In my last column, I argued for the strength of the construction economy in the U.S. to keep us out of any recession that might be brought on by external influences like a slowing China economy, terrorism both in Europe and now here after the terrible events in Orlando, or the uncertainty of a presidential election cycle that has many consumers skittish. And since my last musings I shared here, there has been a poll of economists conducted by leading news organizations that sees the risk of falling into recession over the next twelve months at 21%, hardly odds I would like to take a bet on, even in a horse race.
But some new data released by the U.S. Census Bureau and the Department of Housing and Urban Development recently gives me some pause, because it speaks to the issue of housing affordability, and provides strong evidence that the cost of producing new housing is making it difficult to build homes for a significant number of typical new home buyers.
Each year at the beginning of June, the Census Bureau traditionally releases data they call “Characteristics of New Housing” for the previous year, based on the same survey used to generate the familiar metrics on housing starts and new home sales. The National Association of Home Builders (NAHB) analyzed this recent data, which shows that the median sales price of single-family homes started in 2015 was just under $300,000. Roughly 78% of the new homes were priced between $150,000 and $500,000, and 93% between $150,000 and a $1 million. Slightly less than 6% were priced under $150,000, and an extremely small share were under $100,000.
In contrast, NAHB reported that its 2015 Home Buyer Preferences Survey showed that 31% of recent and prospective home buyers expect to pay less than $150,000 for a home, and 15% even expect to pay under $100,000.
So why don’t the new home price points and buyer’s price expectations square? As I have reported before, the costs of acquiring land, developing it into a lot, and constructing a home on it often make it impossible to produce a new home at a price substantially below $150,000.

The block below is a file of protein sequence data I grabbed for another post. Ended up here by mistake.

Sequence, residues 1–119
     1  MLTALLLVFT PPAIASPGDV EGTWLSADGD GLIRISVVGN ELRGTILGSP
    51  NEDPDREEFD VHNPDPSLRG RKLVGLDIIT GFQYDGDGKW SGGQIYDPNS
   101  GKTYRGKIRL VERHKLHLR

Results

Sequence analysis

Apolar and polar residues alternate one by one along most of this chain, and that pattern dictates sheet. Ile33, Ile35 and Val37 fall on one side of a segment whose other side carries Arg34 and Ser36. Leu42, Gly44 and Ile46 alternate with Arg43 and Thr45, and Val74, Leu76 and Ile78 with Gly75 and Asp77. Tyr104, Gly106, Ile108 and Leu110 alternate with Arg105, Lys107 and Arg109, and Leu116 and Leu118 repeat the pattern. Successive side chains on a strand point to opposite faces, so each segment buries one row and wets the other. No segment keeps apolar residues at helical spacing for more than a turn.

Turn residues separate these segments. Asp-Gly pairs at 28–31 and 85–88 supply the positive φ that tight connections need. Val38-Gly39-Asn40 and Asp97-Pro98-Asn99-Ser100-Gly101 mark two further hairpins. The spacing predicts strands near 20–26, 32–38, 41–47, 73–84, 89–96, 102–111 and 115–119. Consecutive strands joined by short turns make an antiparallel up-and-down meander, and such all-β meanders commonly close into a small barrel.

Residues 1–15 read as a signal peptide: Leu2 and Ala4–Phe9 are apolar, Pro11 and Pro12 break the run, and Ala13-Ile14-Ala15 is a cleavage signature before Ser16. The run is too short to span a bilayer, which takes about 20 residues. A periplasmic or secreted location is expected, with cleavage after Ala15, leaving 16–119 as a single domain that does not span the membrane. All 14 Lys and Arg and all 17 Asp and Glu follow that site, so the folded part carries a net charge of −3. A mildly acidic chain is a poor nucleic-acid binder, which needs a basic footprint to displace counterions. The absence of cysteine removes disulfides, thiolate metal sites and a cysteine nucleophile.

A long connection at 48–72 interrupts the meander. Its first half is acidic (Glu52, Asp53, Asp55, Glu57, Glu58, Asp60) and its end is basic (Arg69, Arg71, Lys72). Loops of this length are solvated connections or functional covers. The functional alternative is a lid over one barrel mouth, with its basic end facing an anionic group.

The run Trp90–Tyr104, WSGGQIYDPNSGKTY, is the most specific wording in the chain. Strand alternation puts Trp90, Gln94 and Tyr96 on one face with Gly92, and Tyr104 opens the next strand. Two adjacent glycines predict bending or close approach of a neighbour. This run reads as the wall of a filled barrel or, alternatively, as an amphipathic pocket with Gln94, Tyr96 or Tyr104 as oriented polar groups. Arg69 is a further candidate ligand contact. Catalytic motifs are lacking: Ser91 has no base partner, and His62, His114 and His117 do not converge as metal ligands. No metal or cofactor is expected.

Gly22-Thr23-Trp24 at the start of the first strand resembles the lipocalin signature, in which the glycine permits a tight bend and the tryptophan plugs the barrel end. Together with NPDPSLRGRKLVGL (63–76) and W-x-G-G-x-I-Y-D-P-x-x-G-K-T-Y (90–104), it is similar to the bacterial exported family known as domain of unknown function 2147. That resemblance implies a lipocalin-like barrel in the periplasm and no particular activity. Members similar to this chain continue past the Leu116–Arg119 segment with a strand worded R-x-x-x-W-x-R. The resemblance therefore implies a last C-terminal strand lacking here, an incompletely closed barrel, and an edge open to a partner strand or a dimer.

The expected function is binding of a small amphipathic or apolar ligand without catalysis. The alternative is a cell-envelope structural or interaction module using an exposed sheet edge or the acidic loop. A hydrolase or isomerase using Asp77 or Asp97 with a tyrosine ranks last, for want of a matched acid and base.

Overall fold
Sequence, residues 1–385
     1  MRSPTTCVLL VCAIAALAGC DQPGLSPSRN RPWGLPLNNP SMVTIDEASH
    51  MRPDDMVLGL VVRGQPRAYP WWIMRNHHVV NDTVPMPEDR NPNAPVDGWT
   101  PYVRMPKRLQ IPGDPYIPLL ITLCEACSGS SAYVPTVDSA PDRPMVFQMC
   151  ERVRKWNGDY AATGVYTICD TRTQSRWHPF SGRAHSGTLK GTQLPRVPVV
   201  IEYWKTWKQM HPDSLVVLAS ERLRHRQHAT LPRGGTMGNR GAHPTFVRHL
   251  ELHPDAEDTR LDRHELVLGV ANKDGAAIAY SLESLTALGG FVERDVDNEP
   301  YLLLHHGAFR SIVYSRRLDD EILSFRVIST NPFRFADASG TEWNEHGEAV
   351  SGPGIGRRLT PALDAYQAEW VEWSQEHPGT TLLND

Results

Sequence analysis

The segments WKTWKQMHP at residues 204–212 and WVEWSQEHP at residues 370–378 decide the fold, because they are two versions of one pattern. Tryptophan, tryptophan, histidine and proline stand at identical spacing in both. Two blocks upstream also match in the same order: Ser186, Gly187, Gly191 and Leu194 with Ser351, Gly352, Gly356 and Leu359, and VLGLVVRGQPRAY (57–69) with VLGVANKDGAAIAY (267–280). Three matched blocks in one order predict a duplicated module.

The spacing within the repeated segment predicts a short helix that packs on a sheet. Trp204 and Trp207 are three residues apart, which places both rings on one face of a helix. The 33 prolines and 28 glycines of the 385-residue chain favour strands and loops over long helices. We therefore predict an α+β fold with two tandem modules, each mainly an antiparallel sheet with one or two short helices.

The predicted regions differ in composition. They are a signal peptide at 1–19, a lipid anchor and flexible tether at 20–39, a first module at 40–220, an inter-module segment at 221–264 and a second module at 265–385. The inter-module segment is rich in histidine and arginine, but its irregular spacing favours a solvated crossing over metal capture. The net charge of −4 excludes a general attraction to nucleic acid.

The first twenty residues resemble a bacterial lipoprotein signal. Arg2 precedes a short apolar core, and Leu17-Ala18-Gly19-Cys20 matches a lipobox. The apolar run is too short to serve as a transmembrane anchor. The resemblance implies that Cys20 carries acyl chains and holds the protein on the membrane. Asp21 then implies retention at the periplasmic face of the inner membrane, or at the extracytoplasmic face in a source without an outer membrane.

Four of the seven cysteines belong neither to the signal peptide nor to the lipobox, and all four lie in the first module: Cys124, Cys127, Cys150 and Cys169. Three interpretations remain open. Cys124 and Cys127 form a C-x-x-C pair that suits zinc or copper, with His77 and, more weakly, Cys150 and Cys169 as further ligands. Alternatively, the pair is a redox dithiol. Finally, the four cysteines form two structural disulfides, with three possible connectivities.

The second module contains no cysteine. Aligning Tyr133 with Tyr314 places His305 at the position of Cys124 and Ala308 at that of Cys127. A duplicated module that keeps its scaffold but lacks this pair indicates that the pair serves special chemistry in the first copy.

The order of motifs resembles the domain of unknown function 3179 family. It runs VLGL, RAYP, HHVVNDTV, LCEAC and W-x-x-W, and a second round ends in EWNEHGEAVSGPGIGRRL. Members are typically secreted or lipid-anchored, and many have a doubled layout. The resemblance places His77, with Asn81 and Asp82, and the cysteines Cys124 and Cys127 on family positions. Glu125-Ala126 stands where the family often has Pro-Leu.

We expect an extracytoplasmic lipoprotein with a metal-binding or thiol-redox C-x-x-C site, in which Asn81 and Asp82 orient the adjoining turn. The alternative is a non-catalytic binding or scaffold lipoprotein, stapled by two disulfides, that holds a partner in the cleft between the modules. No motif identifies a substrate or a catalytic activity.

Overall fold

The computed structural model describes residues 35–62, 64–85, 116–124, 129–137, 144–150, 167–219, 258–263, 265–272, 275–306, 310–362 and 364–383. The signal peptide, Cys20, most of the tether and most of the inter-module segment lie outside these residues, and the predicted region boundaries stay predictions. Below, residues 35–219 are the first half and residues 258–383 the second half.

Beyond the simple arithmetic illustrated above that creates a challenge for producing lower cost housing, another major factor that persists is the shortage of workers and subcontractors in key trades that has also caused the majority of builders to increase house prices. The count of unfilled jobs in the overall construction sector remained elevated in April after a post-recession high in March. However, the count of total jobs in the residential construction sector has declined for two straight months.
It has been widely reported that Fed Chair Janet Yellin has a favorite metric she likes in conducting her analysis of the economy, which is the Bureau of Labor Statistics Job Openings and Labor Turnover Survey (JOLTS). In an analysis conducted by the NAHB, the number of open construction sector jobs on a seasonally adjusted basis fell slightly to 200,000 in April, after a cycle high of 215,000 in March. The March estimate represents the highest monthly count of job openings since May 2007.
The open position rate, or job openings as a percent of total employment, was 2.9% for April, near the cycle high. On a three-month moving average basis, the open position rate for the construction sector increased to 3%. The overall trend for open construction jobs has been increasing since the end of the Great Recession, which is consistent with survey data indicating that access to labor remains a top business challenge for builders.
Finally, it is important to note the NAHB recently reported that government regulation, on average, accounts for an astonishing 24.3% of the price of a new home, which translates to about $84,000 based on the most recent data on the average price of new homes built for sale. Regulatory cost factors like these, heaped onto land prices, construction costs, and labor shortages leave little mystery about why the lower 30% of the home buying public is often priced out of the market for new homes.
These factors appear to be coming together to create a housing market beyond the reach of nearly one-third of all prospective home buyers, which may continue to drive the move towards multi-family rental housing as recent trends have indicated. I hope the pendulum can swing back, and that housing affordability goes back to the industry averages of past decades that allows a new home to be within reach of most home buyers.